The Reserve Bank of Australia (RBA) maintained its steady interest rates for the fourth consecutive month on Tuesday, despite a recent rebound in headline inflation. This decision marks the first monetary policy action under new RBA Governor Michele Bullock, who succeeded Philip Lowe last month. The cash rate remains unchanged at 4.10%, providing some respite for mortgage holders.
The Australian Bureau of Statistics reported a surge in headline inflation to 5.2% in August, primarily fueled by escalating housing, transport, and food costs. However, the RBA's decision to hold rates was largely anticipated by economists due to underlying inflation – the central bank's preferred measure – continuing to fall during the month and low consumer spending.
Governor Bullock stated that Australian inflation had passed its peak but remained too high and would persist for some time. She noted that while goods price inflation has eased, many services' prices continue to rise briskly, with fuel prices and rent inflation notably increasing.
The RBA pointed out that there is still "uncertainty surrounding the economic outlook," and this pause on moving the interest rate will provide more time to assess the impact of previous rate hikes. Over the past year until May, Australians faced four percentage points of rate increases, leaving many struggling to pay off their home loans. The last rate hike occurred in July as part of the RBA's efforts to control inflation amidst disappointing wage growth.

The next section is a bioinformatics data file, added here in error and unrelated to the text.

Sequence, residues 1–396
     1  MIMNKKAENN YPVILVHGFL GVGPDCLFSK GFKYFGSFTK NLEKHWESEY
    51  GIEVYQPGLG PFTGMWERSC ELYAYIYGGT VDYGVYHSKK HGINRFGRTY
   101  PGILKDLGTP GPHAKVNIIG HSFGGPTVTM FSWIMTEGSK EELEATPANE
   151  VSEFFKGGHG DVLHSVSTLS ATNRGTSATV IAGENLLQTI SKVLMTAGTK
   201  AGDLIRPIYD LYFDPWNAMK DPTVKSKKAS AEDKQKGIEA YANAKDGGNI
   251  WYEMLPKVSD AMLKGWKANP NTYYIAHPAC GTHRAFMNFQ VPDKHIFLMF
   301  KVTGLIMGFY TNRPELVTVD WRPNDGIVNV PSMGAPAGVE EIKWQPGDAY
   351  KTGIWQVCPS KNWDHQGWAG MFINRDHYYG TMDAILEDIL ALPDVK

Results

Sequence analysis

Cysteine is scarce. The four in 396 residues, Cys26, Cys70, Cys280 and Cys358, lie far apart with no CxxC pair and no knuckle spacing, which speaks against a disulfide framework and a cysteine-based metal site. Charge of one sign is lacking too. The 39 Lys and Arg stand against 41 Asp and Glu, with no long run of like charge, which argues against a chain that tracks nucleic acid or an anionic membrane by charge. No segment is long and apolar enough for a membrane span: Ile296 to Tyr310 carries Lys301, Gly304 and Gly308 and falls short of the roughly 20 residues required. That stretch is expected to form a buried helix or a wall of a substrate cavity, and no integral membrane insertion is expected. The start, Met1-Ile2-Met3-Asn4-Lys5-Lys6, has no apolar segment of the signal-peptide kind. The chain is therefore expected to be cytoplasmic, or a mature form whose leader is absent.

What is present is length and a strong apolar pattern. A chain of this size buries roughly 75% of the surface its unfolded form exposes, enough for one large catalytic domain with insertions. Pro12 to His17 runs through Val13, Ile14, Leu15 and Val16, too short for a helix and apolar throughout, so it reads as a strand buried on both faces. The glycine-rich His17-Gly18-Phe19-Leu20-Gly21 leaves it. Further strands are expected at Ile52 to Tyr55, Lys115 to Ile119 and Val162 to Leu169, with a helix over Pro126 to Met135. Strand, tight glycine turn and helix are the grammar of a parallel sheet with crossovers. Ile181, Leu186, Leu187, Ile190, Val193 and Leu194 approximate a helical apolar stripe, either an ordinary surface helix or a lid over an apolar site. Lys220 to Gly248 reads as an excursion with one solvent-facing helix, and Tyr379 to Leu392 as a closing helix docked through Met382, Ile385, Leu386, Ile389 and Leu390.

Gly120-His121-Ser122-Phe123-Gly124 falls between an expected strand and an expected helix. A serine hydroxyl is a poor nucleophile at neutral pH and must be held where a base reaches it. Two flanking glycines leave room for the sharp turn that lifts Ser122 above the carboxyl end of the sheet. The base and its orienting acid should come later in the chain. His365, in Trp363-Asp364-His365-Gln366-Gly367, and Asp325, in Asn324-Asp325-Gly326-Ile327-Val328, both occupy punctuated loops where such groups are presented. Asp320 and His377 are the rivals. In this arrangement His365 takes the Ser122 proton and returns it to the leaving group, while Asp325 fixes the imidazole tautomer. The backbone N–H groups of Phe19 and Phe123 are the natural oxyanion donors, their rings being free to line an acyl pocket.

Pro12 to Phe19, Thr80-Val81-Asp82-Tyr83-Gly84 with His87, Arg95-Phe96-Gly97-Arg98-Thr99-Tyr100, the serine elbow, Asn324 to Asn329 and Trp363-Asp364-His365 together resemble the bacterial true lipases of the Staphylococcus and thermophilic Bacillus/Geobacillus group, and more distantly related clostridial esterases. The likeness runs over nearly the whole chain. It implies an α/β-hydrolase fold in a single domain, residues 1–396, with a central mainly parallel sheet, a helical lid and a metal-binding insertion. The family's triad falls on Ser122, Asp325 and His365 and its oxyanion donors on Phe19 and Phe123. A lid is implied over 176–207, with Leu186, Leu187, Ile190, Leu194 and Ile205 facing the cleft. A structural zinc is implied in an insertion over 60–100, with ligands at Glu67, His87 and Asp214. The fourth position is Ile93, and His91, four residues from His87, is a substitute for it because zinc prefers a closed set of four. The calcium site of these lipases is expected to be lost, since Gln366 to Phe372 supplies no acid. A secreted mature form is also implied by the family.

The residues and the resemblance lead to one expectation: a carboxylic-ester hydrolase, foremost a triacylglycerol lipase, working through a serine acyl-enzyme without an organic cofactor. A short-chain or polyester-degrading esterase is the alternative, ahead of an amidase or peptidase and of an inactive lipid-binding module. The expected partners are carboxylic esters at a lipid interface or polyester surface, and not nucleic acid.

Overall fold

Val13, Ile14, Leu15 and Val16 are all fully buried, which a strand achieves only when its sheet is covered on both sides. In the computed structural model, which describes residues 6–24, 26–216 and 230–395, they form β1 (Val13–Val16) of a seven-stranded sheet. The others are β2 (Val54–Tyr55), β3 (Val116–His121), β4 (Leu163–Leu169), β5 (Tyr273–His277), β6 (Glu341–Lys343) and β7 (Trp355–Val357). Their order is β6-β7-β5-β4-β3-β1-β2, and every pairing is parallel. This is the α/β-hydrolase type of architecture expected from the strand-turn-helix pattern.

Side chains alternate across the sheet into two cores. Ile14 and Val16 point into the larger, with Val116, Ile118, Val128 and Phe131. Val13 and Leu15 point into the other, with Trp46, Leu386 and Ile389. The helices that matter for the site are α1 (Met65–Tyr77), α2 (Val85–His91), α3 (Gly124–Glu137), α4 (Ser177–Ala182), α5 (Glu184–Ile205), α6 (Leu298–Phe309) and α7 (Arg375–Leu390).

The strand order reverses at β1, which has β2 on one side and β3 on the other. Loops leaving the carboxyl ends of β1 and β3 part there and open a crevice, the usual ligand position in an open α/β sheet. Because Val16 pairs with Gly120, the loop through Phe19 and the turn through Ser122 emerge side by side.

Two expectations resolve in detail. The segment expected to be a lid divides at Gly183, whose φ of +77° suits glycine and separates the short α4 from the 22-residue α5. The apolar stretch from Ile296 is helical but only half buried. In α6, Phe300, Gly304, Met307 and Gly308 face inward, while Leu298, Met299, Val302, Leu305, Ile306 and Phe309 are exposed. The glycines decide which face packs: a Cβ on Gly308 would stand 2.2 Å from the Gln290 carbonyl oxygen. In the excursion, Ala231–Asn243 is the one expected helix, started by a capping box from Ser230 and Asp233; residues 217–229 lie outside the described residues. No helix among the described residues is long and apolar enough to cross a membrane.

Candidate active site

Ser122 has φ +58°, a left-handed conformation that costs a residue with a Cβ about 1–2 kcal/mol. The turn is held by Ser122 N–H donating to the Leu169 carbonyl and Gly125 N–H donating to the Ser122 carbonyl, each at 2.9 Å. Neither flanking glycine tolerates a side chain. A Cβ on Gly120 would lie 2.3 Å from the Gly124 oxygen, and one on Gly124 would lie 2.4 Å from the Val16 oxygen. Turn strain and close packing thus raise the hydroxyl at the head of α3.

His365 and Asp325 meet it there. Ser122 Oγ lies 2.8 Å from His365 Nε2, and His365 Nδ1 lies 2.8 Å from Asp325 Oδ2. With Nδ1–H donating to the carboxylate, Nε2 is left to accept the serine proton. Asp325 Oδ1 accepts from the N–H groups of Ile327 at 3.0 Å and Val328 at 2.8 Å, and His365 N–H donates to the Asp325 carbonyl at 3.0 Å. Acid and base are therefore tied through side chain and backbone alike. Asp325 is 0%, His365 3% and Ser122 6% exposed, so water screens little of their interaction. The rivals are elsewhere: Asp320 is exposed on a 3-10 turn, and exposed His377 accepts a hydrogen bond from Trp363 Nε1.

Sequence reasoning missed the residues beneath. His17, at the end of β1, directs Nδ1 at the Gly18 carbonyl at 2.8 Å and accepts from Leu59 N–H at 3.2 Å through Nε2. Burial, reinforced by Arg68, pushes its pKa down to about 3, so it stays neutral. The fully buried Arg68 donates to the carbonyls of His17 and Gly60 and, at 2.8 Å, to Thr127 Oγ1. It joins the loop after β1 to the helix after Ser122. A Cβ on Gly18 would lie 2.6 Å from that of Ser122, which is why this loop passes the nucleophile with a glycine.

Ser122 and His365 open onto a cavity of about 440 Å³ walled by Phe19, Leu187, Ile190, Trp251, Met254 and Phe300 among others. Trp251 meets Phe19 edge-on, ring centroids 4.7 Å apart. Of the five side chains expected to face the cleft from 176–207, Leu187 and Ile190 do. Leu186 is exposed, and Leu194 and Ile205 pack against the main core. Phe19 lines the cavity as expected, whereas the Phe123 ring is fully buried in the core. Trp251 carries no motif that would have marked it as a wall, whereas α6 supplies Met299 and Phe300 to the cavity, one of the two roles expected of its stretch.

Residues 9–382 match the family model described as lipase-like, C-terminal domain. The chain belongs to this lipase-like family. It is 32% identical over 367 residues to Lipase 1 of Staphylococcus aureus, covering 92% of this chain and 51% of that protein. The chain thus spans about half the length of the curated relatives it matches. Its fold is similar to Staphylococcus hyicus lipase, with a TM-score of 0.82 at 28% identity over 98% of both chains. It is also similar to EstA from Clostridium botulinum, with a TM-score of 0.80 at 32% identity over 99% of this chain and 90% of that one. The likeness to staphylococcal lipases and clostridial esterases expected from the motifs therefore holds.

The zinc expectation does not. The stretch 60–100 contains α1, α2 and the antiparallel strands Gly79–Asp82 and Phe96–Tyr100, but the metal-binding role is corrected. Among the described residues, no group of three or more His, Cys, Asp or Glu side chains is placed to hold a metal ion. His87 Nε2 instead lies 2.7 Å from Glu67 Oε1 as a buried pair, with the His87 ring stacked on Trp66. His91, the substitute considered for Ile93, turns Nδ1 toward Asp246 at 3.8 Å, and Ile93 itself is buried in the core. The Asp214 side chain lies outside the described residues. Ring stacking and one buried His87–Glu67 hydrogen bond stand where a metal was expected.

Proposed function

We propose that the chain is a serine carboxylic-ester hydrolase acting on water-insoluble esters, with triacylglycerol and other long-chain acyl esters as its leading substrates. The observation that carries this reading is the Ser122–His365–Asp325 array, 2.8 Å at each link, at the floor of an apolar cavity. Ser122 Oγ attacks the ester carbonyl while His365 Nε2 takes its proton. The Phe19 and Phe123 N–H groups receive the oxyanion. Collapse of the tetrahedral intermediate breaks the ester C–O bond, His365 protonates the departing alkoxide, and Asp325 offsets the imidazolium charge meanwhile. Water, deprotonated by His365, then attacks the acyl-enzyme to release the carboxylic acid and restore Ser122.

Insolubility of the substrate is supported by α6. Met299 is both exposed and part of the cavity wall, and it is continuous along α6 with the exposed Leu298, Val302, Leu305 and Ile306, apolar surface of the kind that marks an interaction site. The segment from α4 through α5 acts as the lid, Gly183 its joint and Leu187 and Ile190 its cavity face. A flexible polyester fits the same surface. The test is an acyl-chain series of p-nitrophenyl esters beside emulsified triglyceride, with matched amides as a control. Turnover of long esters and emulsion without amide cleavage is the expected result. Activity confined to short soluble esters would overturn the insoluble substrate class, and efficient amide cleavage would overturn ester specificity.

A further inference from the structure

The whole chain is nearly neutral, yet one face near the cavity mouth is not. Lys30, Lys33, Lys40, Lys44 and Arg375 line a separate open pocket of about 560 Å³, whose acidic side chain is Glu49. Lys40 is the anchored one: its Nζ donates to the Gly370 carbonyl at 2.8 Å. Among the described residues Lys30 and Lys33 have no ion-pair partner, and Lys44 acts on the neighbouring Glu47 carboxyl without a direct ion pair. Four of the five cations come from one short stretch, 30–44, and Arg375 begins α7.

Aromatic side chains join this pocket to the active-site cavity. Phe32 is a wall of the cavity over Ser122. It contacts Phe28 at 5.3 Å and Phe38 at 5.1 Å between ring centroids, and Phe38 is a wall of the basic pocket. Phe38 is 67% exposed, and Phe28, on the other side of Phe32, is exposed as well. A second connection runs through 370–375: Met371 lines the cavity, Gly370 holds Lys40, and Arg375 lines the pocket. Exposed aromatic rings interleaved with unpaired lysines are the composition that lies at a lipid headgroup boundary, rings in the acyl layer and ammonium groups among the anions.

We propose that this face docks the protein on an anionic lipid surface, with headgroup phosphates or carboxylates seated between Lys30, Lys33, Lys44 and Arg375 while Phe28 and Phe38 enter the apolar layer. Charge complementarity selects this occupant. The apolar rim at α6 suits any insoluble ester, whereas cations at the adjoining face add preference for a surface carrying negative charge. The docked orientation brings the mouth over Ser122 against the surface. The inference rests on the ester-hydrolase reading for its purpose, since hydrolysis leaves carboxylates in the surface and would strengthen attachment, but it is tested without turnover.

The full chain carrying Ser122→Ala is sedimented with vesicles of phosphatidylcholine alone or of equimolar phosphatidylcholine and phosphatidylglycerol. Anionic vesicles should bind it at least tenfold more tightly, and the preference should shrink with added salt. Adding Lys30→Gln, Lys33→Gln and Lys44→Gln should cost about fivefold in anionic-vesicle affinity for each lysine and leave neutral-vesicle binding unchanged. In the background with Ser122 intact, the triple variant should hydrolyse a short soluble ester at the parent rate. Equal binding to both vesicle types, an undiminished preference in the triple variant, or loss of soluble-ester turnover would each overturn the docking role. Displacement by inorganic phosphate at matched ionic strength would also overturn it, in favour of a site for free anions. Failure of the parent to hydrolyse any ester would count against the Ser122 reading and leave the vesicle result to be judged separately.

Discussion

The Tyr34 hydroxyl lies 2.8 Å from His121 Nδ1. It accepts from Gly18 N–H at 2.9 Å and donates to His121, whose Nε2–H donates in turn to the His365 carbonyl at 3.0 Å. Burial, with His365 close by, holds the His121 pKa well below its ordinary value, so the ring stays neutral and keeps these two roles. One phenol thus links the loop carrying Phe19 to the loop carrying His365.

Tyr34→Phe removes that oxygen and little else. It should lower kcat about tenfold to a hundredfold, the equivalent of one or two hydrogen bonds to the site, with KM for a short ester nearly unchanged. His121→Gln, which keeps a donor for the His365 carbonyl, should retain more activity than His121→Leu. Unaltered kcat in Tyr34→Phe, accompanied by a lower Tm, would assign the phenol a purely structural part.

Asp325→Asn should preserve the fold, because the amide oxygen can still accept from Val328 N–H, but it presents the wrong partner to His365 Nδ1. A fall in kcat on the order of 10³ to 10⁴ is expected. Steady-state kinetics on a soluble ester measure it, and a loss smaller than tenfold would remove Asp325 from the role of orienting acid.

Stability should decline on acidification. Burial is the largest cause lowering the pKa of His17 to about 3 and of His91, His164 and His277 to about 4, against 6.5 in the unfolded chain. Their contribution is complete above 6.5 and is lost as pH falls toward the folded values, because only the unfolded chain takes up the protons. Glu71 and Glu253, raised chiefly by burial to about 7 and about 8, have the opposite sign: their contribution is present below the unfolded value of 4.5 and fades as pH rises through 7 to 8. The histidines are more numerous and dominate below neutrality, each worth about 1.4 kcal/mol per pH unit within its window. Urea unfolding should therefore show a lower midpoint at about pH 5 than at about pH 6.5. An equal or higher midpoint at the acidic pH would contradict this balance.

Governor Bullock also expressed concerns about Australia's near-record low unemployment rate. She suggested that the jobless rate might need to rise to about 4.5%, nearly a one per cent increase, to bring inflation under control.
The RBA's priority is to return inflation within a reasonable timeframe to its target range of 2-3%, according to Bullock. High inflation poses challenges for households and businesses and exacerbates income inequality. If high inflation becomes entrenched in people's expectations, reducing it later would be costly, involving even higher interest rates and a larger rise in unemployment.
The upcoming ABS employment data, set to be released in the next fortnight, will provide further insight into whether Australia's labor market remains a reason for caution. Some experts suggest that with underlying inflation still well above the target range, the RBA might need to raise rates again before the year-end.
Consumer confidence nationally rose by 1.8 points to 78.2 points, according to weekly data from ANZ and Roy Morgan, although it has now spent a record 31 straight weeks below the mark of 80. The increase was driven by improving levels of confidence about personal finances over the next 12 months and a more positive outlook on the long-term prospects for the Australian economy.
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